Most people know Mindy Kaling as the insufferably clingy, Ryan-obsessed Kelly from The Office. Even putting aside the acting chops it takes to be that utterly sad and annoying, a lot of folks were unaware that Kaling’s talent extends beyond acting, and she actually did a lot of the writing for the hit sitcom.
Fast forward to 2012, where Kaling braved the already crowded TV genre of “Funny, quirky feminine protagonist tries to make it in life and love.” Instead of tuning in to find a cliché, or see our feminine hero relegated to supporting role in her own life by an annoying focus on “finding the guy,” we encounter a strong, intelligent, imperfect, hard-working, loving, motivated character, who happens to be a woman and happens to be an ethnic minority, who is kicking ass all over our television screens.
I was a bit worried about Kaling’s ability to give such a worn-out sitcom format a fresh feel, despite my personal belief that she is an incredibly rare talent. But during last night’s episode, in which Kaling’s character, Dr. Mindy Lahiri, saves her shared OBGYN practice from being poached of patients by a couple of (hilarious) Midwives, I realized I was watching the “There it is!” moment of a fantastically complex and (to the extent TV can be) real portrayal of life as a professional, career-driven woman who simultaneously believes in finding true love but doesn’t needlessly exaggerate the pursuit for the latter. Admittedly, the show simplifies the idea of “having it all,” but to even see that type of character portrayed in a way that differs from the usual is a huge plus and a huge win for Kaling.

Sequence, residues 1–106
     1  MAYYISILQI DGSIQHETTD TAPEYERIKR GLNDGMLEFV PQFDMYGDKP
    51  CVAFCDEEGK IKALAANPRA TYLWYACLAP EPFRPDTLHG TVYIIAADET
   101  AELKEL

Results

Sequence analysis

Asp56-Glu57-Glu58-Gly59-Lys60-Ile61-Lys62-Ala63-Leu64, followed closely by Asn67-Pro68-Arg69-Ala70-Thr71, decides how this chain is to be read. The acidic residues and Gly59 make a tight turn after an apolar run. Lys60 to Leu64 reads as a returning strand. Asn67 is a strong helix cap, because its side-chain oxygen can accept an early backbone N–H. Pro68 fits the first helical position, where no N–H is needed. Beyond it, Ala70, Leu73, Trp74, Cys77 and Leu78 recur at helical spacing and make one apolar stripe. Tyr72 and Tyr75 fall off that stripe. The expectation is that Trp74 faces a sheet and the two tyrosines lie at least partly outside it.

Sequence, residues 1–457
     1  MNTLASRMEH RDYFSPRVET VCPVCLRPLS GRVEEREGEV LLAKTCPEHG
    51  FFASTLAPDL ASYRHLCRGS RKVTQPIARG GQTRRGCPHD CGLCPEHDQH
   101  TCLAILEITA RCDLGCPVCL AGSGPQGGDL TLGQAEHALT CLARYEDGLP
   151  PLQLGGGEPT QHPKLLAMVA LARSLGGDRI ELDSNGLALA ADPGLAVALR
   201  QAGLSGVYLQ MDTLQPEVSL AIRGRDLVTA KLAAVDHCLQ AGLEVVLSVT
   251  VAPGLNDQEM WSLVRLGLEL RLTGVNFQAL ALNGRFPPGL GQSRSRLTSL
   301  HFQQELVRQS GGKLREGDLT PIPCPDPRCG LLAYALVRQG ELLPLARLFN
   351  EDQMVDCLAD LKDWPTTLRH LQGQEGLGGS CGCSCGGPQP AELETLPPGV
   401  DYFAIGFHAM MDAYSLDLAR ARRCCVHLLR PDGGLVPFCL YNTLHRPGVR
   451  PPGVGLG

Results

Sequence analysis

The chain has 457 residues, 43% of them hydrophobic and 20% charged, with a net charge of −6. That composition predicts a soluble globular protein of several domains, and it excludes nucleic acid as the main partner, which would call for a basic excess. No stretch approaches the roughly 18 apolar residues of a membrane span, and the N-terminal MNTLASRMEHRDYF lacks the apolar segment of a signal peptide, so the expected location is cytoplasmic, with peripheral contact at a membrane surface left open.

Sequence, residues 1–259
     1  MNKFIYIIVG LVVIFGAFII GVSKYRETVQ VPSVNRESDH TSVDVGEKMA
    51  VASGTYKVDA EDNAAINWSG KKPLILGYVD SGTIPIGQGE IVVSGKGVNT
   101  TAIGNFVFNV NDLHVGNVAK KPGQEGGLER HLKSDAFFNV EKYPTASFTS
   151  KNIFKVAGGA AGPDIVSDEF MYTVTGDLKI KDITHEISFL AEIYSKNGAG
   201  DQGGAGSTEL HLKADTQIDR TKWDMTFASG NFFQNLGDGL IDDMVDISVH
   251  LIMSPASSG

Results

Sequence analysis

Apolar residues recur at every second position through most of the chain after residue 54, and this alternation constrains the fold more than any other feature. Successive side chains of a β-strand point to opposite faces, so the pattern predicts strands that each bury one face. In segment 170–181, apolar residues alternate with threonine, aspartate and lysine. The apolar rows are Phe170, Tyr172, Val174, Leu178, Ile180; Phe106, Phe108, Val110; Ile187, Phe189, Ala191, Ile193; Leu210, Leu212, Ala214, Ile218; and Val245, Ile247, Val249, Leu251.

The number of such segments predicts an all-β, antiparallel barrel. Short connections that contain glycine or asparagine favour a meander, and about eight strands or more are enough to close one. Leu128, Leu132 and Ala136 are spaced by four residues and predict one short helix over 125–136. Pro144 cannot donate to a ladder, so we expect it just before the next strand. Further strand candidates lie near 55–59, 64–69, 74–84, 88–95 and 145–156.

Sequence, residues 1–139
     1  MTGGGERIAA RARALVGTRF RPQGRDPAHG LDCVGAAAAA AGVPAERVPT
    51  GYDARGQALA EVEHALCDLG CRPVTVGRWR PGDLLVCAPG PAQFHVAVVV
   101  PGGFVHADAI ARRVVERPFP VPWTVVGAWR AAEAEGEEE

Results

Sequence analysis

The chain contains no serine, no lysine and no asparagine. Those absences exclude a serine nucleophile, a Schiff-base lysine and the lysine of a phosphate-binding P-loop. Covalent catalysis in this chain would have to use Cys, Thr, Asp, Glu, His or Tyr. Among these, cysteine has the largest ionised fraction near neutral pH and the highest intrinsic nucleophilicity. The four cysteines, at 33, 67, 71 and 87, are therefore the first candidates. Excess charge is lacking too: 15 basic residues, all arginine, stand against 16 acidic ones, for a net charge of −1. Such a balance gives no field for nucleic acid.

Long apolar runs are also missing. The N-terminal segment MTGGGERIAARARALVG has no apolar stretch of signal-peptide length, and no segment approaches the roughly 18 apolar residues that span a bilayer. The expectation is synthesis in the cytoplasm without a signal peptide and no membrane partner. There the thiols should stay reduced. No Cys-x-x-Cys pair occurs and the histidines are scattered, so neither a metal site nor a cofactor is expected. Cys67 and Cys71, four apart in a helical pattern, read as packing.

The sitcom is both subtly and laugh-out-loud funny, complete with a wide array of weird characters that each get moments to shine and moments of struggle throughout the progression of this first season. The chemistry between the characters is fun to watch, and I suspect it will only grow as the show continues to cement itself.
The great thing about Dr. Mindy Lahiri is how believable she is. We see her have great successes, day-to-day struggles, and sheer meltdowns, but without all the usual crap that comes after. In the debut episode, Mindy gets hammered at her ex’s wedding and grabs the microphone, making a fool of herself as she drunkenly rips apart her former lover. She knows she looks a fool, and so does everyone else, but in that episode and after, she doesn’t endlessly punish herself for it or engage in drawn out self-pity parties. She merely accepts it as a moment of weakness and decides to try to do better going forward. It’s such a simple presentation of a complex idea, and that’s the beauty of it.